For the first time since Europe withdrew its ambassadors from Syria, European intelligence agencies met recently with Syrian President Bashar al-Assad to discuss extremists—and the move is sparking concern among Assad's opponents. The purpose of the meetings was to share information on European jihadists who are currently working with militant groups in Syria, such as the al-Qaeda-affiliated group ISIS; Europe is concerned about these extremists returning to their home countries even more radicalized—and trained. But opponents of Assad see the meetings as a sign that Western powers are resigned to the fact that Assad won't be stepping aside anytime soon, the Wall Street Journal reports.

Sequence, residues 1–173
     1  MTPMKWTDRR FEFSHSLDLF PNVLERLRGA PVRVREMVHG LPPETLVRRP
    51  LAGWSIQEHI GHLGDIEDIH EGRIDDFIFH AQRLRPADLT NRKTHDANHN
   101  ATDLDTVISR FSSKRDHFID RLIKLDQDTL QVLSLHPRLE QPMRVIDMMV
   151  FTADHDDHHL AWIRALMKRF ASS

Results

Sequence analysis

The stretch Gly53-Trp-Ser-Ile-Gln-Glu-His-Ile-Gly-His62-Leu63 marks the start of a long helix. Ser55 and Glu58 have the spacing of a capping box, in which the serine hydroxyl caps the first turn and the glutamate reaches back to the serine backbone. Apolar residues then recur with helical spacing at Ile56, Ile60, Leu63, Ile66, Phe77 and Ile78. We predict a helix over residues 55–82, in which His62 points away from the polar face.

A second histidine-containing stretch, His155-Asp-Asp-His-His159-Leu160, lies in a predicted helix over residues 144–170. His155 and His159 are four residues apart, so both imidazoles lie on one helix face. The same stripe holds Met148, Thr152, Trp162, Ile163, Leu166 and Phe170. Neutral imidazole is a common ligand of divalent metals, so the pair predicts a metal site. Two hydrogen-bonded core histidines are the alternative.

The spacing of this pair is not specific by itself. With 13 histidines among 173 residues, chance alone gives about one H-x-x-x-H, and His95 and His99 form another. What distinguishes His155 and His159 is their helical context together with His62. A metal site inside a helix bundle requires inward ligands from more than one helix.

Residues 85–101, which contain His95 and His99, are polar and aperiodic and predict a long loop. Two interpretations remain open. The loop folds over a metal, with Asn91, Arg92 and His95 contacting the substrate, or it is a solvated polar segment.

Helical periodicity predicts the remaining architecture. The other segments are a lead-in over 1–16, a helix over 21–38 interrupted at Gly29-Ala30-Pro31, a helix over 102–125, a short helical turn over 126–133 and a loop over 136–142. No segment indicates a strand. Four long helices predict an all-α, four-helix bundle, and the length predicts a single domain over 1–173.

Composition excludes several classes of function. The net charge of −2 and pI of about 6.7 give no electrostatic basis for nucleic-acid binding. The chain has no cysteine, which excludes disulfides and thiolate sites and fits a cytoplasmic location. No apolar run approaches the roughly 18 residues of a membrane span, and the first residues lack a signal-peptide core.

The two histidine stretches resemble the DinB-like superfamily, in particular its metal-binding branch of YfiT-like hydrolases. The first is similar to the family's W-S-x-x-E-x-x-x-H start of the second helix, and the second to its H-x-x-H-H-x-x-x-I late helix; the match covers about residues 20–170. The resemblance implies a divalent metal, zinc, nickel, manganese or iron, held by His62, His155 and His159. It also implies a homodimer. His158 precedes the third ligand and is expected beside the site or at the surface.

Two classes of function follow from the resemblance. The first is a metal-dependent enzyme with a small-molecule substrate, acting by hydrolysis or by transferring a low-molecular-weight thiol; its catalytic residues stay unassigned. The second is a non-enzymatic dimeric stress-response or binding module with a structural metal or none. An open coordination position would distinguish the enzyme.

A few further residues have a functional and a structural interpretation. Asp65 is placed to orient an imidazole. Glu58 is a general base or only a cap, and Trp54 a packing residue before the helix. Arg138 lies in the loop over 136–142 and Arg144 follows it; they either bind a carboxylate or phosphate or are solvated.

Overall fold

They're also concerned that the meetings, which have also touched on the growing influence of al-Qaeda in Syria, will "lead to a broader cooperation," says one opposition member. Such an anti-terror cooperation could boost Assad's position; he has long argued that he is the best leader to fight al-Qaeda in Syria. The meetings, which started in midsummer, so far have involved Britain, Germany, France, and Spain. (The US, though not involved in these meetings, has similar concerns about extremism.) Meanwhile, the Geneva II conference will be held a week from today; the opposition is set to meet with Assad's government in an attempt to end the conflict. And as the humanitarian crisis continues, with more than 130,000 dead and 8 million displaced, the US has announced $380 million in further aid. Together with Kuwait's offer of $500 million, that's the UN's largest-ever combined humanitarian appeal, BusinessWeek reports.